Technician and Trainee
Technicians are not licensed pest control technicians. They may be working at an extermination company but they will not be allowed to handle any pesticide or the related chemical without the presence of not just a licensed exterminator but one that has a suitable amount of experience to oversee. The ministry has, in that past, given special permissions to exterminators and other individuals that grants them power in a license or in a license other than the one they possess. A technician can do other types of work outside the use of pesticides. This includes rodent infestations, exclusion and wildlife removal, dead animal removal and latrine cleaning. They are a lot of work and can take a great deal of time but are often far more lucrative than the actual pest removal jobs. An exclusion job can bring in thousands, and attic remediations from wildlife infestation are incredibly expensive. This work can be done by anyone with the basic training needed to accomplish the task, no license necessary, just lots of rules and by-laws to follow.
A technician or trainee can be as young as 16 when they start working for an extermination company which can give the individual a great advantage over older exterminators. In a few years, he could be a very experienced and young technician that would still be young and physically fit as a twenty-year-old. Training early is always a good idea. Try getting a job at an extermination company as a trainee or if you have experience in roofing or construction you can go straight to being a technician. Wildlife often calls for at-hight training which is common for roofers.
Both a trainee and technicians can handle any pest control chemical in the presence of a licensed and experienced exterminator. Getting this advanced training before taking the exams could assist you in passing the core and license exams. Generally, the license you will be getting is the structural license for fumigation and pesticides in, on or around structures. This license is by far the most common while Land and Water exterminators rarely work in residential or small business environments, mostly working with governments, agriculture and industry.
A licensed structural exterminator can use pesticides in both the commercial and domestic classes. They have access to an enormous number of chemicals that can be used to control or exterminate the pests. From carbon dioxide which is used as a fumigation method for some pests to phosphide of various types like Magnesium Phosphide and insecticide suspensions. The exterminator can use all of these chemicals in a situation where domestic products are not powerful enough to have any effect at all. The technician can use commercial tools and will have protection from the pesticides he will be spraying and will also know how to prevent harm to anyone who will be returning to the home or business after the required vacancy. Knowing that spaces can be over toxified by too many treatments and that these chemicals are powerful and dangerous is all part of being a licensed exterminator. These chemicals must be used in specific amounts to achieve the goal, too much and too little will cause the treatment to fail.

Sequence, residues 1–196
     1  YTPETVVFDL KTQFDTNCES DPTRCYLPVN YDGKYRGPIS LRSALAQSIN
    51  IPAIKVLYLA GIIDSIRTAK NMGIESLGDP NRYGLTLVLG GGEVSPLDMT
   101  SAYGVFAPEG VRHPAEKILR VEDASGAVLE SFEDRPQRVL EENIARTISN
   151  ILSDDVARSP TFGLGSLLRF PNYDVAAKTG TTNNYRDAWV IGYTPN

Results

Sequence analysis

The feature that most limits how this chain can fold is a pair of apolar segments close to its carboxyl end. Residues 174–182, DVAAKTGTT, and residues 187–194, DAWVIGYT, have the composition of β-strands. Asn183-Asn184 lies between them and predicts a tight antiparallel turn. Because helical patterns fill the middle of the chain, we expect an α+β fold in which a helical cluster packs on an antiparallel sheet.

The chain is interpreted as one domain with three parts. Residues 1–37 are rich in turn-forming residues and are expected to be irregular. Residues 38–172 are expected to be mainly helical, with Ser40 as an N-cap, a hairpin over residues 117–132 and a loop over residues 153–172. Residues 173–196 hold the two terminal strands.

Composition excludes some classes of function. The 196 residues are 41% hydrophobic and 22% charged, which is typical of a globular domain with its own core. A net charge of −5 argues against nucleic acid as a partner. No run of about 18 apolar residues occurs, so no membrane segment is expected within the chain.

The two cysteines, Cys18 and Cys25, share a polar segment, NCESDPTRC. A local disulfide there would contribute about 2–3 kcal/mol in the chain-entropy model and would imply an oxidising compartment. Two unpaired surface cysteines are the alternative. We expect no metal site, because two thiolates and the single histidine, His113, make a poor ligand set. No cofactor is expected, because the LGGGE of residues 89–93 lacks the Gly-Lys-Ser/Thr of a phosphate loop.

An operator does not need a specific license, they are simply experienced enough in extermination and have been doing it long enough that they decide to open an extermination company of their own. Now it is very important to understand the sheer complexity of running an extermination company and that it is not in any way easy. You should definitely first become a technician and work in wildlife and then get your exterminators license so you can do both. Work at it for years, wait till you know everything there is to know about the business and then start your own company. You will still be purchasing the same chemicals and handling them with the same structural exterminator’s license but now you will be ordering in bulk to supply multiple other exterminators who are now your employees.
Vendors are not exterminators, they do not work with the pesticides they make they simply manufacture them out of raw materials that are inaccessible to both commercially licensed exterminators and domestic purchase. The chemicals a licensed vendor can purchase are some of the most dangerous chemicals in the world, in their raw form. They can cause horrific damage to the environment if unleashed in this state so they are diluted and manipulated to weaken them enough to be used by commercial exterminators. Becoming an exterminator is generally not the route most people take in getting a vendor’s license. Generally, a business degree and knowledge of chemistry would be a great asset.
Getting your exterminator License
The license involves two exams. The core exam is open book. The structural exam, along with other types of exterminator exams for land and water, is closed book and multiple choice. You must achieve a grade of 75% on both or you will not get your license. Make sure to study very hard for this test, having worked in an extermination company beforehand can be a real advantage. Once you study you will take the two exams back to back at a location set up by the Ministry and Guelph university who administer the test. If you fail you can try again, failure in this case is not the end. Once you earn this license you will have the ability to use all forms of commercial pesticide and will know how to use them safely for both you and your customer. The exam is difficult but very worth it.